Cathay Pacific cut its economic outlook on Friday following a second successive drop in monthly passenger traffic after the airline faced a backlash from Beijing over Hong Kong’s heated pro-democracy protests.
The marquee brand has had a torrid few months, coming under fire from Chinese state media and authorities because some of its 27,000 employees took part in – or were sympathetic to – the anti-government demonstrations.
Overall passenger traffic fell 7.1% in September, the airline said, with inbound traffic into its Hong Kong hub plunging 38% for the second month running.
“September was another challenging month for our passenger business,” Cathay official Ronald Lam said.
“Our second-half financial results are expected to be below those of our first half,” he added, reversing the airline’s earlier predictions of a better end to the year.
Hong Kong has been battered by more than four months of sometimes violent unrest that have flattened the economy – forecasters say it will fall into recession in the third quarter – as tourist numbers sink.
The protests were sparked by a now-shelved bill to allow cases to be extradited to the mainland but have since morphed into a movement demanding greater democracy and police accountability.
Cathay stands as a glaring example of what happens to a company perceived by Beijing to be sympathetic or tolerant of the protests.
Beijing bites back
After its then chairman and CEO Rupert Hogg said he supported the right of his staff to hold diverse political views on the protests, Beijing hit back.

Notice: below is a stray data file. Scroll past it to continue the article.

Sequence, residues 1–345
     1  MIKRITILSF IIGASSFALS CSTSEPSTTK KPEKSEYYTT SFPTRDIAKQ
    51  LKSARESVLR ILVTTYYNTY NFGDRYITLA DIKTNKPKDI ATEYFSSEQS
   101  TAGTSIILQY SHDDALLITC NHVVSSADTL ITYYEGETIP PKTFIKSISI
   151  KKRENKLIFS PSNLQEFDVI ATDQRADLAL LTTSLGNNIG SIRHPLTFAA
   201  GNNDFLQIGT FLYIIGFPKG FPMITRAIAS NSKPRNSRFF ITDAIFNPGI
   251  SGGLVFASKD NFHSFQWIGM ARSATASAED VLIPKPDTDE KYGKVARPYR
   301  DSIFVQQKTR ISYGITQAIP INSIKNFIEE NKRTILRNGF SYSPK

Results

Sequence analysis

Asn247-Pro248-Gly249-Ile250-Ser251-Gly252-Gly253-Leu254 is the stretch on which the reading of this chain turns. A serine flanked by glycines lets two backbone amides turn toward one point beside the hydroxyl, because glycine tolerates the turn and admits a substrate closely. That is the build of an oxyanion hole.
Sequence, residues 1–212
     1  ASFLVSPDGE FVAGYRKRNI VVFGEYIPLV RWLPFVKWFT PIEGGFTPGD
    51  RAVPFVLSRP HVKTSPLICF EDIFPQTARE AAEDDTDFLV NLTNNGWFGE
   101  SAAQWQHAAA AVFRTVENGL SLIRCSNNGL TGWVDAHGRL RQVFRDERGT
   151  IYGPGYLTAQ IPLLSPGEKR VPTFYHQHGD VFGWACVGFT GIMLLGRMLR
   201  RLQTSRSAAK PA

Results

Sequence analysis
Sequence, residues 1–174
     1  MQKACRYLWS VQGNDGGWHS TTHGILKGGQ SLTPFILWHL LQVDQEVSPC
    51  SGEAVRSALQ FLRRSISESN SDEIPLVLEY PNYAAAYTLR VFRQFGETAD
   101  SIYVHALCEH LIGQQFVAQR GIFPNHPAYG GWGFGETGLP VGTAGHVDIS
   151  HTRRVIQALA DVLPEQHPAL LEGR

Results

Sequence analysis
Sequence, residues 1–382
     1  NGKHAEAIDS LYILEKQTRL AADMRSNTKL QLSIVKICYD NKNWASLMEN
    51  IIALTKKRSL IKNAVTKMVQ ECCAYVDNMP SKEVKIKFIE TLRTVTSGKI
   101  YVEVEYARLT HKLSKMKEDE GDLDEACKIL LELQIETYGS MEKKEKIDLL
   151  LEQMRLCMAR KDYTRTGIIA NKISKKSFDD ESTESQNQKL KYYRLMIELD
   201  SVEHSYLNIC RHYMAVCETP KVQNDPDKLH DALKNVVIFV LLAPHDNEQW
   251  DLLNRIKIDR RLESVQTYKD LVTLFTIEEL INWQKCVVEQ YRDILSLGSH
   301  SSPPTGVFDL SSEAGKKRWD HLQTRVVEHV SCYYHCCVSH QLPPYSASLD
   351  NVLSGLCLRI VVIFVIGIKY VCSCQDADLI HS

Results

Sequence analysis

China’s aviation regulator banned airline staff who had supported the demonstrations from working on flights through its airspace and after state media encouraged a boycott in the crucial mainland market.
Cathay has since scrambled to repair the damage, issuing a series of statements condemning the protests as well as announcing the sudden departure of Hogg.
Employees say dozens of staff who expressed support for the protests have been sacked, accusing the company of carrying out a “Cultural Revolution” style purge.
The ongoing protests, in which violence between police and hardcore protesters has escalated on both sides, has undermined Hong Kong’s reputation for safety.
Lam said Cathay’s mainland market had been hit “especially hard” and the firm observed “very weak demand” during the “Golden Week” holiday in early October, usually a bumper period of travel for Chinese tourists.
Lam highlighted flights between India and North America as a bright spot for the company.